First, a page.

Tuesday, August 26, 2014

A Little Princess-Renassance Faire Style

There once was a little girl with brown hair named Sarah.
She had been invited to attend her very first Renaissance Faire.
But she  had a problem:
Sarah did not have proper clothes befitting her trip back into time.

Sarah is a distant relation of mine and when her mother asked me way back last winter if I would make Sarah a costume, I said absolutely! After all, making princess dresses is VERY important business and getting to play Fairy Godmother is something not to be turned down!
Her mother, Shayna, has a great knack at thrifting, so we spent virtually nothing on materials as she found a very gastly  "1980's does Victorian" prom dress which we were able to deconstruct for materials. She shipped it to me and when I pulled it out, I started thinking off ways to save the best of the dress, and scarp the worst parts, all while trying to achieve a Renaissance style instead of Victorian style. 
Since this was a costume for a little 3 year old to play in, my goal was not for a historically accurate garment. My goal was for a dress-up costume that made my cousin look...and feel...
like a Little Princess!
 This was a very relaxing and fun project. I am already planning Sarah's Christmas gift!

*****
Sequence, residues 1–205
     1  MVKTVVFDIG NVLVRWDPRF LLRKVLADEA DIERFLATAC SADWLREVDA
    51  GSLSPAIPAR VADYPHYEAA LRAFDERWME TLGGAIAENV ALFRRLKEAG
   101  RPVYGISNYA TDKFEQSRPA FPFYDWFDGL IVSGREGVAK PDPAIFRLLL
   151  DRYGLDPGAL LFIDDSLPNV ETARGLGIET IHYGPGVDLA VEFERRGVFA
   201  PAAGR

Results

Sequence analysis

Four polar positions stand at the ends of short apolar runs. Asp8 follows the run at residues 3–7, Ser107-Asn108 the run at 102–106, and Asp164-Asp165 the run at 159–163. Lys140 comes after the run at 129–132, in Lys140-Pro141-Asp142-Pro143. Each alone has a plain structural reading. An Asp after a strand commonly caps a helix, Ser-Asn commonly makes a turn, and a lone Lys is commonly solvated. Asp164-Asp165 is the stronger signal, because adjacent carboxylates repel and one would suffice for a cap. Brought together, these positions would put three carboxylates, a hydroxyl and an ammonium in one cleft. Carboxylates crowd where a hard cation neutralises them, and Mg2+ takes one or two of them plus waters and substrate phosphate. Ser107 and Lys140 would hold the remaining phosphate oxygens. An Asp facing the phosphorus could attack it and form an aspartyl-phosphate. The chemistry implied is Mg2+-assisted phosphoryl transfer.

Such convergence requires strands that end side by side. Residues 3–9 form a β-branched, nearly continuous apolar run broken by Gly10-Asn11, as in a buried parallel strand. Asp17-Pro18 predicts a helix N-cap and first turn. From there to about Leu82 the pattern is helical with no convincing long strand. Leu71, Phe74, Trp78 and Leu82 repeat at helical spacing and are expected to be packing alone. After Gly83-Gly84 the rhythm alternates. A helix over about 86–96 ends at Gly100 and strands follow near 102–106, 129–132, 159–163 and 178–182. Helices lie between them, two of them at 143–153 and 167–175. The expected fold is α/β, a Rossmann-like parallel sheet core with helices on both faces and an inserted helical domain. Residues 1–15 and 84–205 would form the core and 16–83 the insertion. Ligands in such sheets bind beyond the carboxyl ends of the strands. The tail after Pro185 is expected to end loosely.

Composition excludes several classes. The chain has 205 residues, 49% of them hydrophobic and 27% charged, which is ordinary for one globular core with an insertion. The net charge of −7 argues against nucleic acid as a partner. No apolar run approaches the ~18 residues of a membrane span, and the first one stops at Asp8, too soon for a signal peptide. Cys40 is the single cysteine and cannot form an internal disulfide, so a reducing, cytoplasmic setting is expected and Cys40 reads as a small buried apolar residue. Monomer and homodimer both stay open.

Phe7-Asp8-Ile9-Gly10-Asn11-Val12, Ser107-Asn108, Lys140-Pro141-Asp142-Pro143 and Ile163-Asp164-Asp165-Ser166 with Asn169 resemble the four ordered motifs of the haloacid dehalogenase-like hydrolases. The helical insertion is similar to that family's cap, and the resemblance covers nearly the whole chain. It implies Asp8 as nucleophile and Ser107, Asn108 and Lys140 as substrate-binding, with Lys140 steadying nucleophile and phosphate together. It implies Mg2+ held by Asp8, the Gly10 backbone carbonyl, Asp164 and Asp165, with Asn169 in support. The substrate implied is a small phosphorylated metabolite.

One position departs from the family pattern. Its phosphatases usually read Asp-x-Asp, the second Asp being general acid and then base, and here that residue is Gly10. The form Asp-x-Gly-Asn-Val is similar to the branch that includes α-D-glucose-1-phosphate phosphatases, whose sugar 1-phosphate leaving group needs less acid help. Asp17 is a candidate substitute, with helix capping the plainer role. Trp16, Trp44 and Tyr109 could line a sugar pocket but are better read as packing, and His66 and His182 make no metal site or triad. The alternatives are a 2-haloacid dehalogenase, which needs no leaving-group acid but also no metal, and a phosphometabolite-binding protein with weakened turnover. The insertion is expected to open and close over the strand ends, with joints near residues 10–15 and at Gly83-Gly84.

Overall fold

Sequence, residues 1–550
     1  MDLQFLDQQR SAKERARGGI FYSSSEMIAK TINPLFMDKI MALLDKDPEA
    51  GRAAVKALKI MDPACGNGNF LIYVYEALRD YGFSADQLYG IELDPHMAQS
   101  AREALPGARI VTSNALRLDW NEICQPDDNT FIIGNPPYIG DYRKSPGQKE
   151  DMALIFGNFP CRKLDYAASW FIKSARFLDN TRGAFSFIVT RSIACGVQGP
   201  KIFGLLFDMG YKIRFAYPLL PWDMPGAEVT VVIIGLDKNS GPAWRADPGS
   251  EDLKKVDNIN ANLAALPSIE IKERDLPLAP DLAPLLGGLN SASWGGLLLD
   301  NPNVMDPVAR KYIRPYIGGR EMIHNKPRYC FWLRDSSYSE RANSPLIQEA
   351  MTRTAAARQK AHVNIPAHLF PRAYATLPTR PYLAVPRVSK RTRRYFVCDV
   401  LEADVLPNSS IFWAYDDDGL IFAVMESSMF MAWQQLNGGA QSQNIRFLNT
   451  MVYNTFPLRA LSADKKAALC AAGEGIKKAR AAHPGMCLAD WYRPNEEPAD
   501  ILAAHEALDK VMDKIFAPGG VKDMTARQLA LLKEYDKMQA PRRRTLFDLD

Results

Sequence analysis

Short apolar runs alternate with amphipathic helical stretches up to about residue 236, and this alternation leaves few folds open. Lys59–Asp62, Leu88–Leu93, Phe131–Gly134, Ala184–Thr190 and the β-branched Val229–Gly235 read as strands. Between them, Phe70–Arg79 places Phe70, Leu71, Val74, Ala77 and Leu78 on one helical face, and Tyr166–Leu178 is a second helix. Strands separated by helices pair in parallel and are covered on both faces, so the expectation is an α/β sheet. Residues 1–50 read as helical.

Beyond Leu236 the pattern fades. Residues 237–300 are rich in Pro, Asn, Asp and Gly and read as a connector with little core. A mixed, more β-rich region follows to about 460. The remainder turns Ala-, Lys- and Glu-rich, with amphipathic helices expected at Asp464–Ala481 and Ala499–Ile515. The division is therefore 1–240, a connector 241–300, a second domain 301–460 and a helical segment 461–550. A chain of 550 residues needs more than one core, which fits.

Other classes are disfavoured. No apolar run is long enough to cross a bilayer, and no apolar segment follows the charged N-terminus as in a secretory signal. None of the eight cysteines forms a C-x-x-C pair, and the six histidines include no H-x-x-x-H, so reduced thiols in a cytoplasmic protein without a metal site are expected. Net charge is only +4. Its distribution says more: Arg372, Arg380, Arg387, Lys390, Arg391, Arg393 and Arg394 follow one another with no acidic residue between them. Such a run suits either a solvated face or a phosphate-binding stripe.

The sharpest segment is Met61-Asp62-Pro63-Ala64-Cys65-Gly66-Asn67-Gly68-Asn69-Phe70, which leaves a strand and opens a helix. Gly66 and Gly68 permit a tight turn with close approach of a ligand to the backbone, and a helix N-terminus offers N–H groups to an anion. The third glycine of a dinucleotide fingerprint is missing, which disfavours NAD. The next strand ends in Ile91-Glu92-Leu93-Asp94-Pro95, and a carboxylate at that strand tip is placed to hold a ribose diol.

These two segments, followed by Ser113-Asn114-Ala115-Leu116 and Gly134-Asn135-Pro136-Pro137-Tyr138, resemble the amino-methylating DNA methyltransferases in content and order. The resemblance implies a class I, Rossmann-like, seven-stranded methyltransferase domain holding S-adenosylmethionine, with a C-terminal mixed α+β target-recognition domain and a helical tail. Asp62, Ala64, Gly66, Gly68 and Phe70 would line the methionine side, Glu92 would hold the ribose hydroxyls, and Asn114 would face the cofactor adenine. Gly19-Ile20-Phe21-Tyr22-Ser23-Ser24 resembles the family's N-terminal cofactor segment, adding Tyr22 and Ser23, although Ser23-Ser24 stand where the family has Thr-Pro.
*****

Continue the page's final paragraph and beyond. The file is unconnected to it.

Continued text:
The dress itself is two pieces, a white, pull over the head under-dress with flared blue sleeves; and a blue, sleeveless over dress, which laces up the front.
The under-dress has elastic on the sleeves and the neckline.

 The flared "medieval" cut sleeves are fully lined. Looks so sharp!

 There are bow decorations all over the dress. I found the ribbon at a yard sale! 

 Lacing and lace details on front overdress bodice.
Notice how incorporated the "Victorian" lace wherever I could?
Eyelets sewn by hand for delicacy.

Thr skirt on the over-dress  was salvaged from the hem of the Victorian prom dress, and therefore retains the lace and little "shirred " details. So pretty.

Top stitching on over-dress. The over-dress material was so thin, I triple lined it.

 The tops of the over-dress shoulders are not connected--they actually meet and tie through hand-sewn eyelets.

Hope you enjoyed seeing this. 
It was a blasts sewing this costume.
So tell me, did you play dress-up when you were young?
Do you remember having a favorite costume?


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